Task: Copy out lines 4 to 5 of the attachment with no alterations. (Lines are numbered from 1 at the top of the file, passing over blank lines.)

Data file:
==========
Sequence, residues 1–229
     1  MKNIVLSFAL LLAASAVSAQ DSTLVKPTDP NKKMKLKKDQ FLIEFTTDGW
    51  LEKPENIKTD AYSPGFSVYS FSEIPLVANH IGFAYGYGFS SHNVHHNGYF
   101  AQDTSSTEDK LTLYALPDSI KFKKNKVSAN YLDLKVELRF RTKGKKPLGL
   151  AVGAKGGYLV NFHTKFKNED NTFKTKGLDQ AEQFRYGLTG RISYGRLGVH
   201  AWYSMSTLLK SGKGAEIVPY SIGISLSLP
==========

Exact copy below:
   101  AQDTSSTEDK LTLYALPDSI KFKKNKVSAN YLDLKVELRF RTKGKKPLGL
   151  AVGAKGGYLV NFHTKFKNED NTFKTKGLDQ AEQFRYGLTG RISYGRLGVH